Good morning. If you were hanging out for some good climate news this week, I’m sorry to say it’s not today. A nine-month investigation by the Guardian, the German weekly Die Zeit and SourceMaterial has raised questions over carbon credits bought by a number of internationally renowned companies. On the second day of the Davos summit (overnight our time), the head of the UN accused fossil fuel companies of models “inconsistent with human survival” – while Ukraine’s president continued to call for more aid. And in Melbourne, the Australian Open continues today.
Let’s get into the day’s news.
‘Broken spirits’ | Four in five Australians have experienced some form of natural disaster at least once since 2019 – and it’s taking a mental health toll.
Tara emergency | After a gunman fired at a car, police last night declared an “ongoing” emergency situation in the small Queensland town – about 40km south of Wieambilla, where two officers were killed in December.
European-style laws | The right to be forgotten and a right to sue for privacy breaches will be considered for the next tranche of legislation, the attorney general, Mark Dreyfus, says.
A shot across the bows? | The South Australian Greens have declared their unanimous support for a voice to parliament, amid criticism of the referendum from the party’s First Nations spokesperson, Lidia Thorpe.
Plant-based meats | Alternatives in supermarkets are generally healthier than meat products but may lack important nutrients found in the real thing, new research suggests.
‘Phantom credits’ | More than 90% of rainforest carbon offsets approved by the world’s biggest provider are largely worthless – and could make global heating worse, a new investigation says.
Freak temperatures | Speaking of, new research is warning extreme heat – under a high emissions scenario – could put 40% of land vertebrates in peril by the end of the century.
Ukraine | After the country’s interior minister was killed in a helicopter crash, the president, Volodymyr Zelenskiy, has used his Davos speech to intensify the call for more tanks from allies.
Gender recognition row | As a court battle looms over Westminster’s decision to block the Scottish parliament’s bill, Labour’s UK and Scottish leadership are moving to defuse conflicts over their approach.
Two glasses a week | Canada’s new guidelines – recommending drinkers ideally cut alcohol altogether – have prompted intense debate over risk v enjoyment.
Five years in jail and 25 seeking justice: the malicious prosecution of Terry Irving
In 1993, Irving was wrongfully arrested for robbing a Queensland bank, and ended up spending 1,671 days in jail. He was released by the high court after the state conceded he had not received a fair trial. But exoneration is just the start of his story, as he embarked on a 25-year legal battle against the state for compensation.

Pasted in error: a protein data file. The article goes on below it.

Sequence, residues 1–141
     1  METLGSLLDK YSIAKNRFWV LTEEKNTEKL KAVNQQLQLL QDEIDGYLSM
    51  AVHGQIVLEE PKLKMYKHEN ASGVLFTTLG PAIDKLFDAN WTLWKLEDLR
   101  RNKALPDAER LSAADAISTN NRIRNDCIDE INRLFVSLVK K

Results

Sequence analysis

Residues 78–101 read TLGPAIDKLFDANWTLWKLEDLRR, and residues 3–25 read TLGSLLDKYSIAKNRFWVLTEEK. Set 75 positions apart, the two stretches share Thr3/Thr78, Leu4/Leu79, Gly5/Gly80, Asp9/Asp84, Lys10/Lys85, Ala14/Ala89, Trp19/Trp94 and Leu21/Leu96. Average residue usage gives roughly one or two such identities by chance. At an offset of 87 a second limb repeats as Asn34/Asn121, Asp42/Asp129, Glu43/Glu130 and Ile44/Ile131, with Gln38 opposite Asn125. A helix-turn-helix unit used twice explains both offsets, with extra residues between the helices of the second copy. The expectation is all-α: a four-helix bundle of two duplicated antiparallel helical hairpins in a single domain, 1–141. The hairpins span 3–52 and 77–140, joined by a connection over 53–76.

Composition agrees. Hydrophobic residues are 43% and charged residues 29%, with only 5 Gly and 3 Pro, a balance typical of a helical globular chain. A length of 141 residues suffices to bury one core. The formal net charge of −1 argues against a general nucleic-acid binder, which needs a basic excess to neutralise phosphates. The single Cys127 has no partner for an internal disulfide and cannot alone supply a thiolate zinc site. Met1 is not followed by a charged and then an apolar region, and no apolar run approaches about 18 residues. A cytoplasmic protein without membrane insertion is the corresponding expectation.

And read more about Terry’s quest for justice here.
Greg Jericho thinks the Reserve Bank of Australia should hold off on raising rates again next month. “Allowing some time for the impact to flow through would be a sensible approach,” he writes, “rather than continuing to hike rates to kill inflation that is already falling but might not yet be visible in official figures.”
Not the news
Butter is no longer “playing second fiddle to bread”, and chefs have been levelling up the quality – and quantity – they serve. Lee Tran Lam finds out what’s inspiring this trend, and what happens to the leftover spread.
The world of sport
Australian Open | No 7 seed Daniil Medvedev proved too tough for Australian John Millman in last night’s strongmen battle.
Meeting his part-time mentor | No 159 Thanasi Kokkinakis will face off against Andy Murray in today’s second-round encounter at Melbourne Park.
Premier League live | Crystal Palace are looking to snap a three-game losing streak, while Manchester United are hoping to make it ten wins in a row.
Netball | The Diamonds are set for a World Cup squad shootout at the Quad Series.
The federal government plans to end a superannuation loophole used by convicted child abusers, the ABC reports, after Grace Tame’s long campaign for change. The Financial Review reveals that under the Aukus deal, Australia is set to become a major hub for maintaining US submarines. And the Australian has reported that every mainland state and territory is in breach of the national firearms agreement – signed in the wake of the Port Arthur massacre.
What’s happening today
Telehealth | The auditor-general will release the report of its probe into the expansion of services during and after the pandemic.
Tesla | Opening arguments are due to begin in the case of Elon Musk v his company’s shareholders.
Australian Open | The summer grand slam continues in Melbourne – find our latest coverage here.
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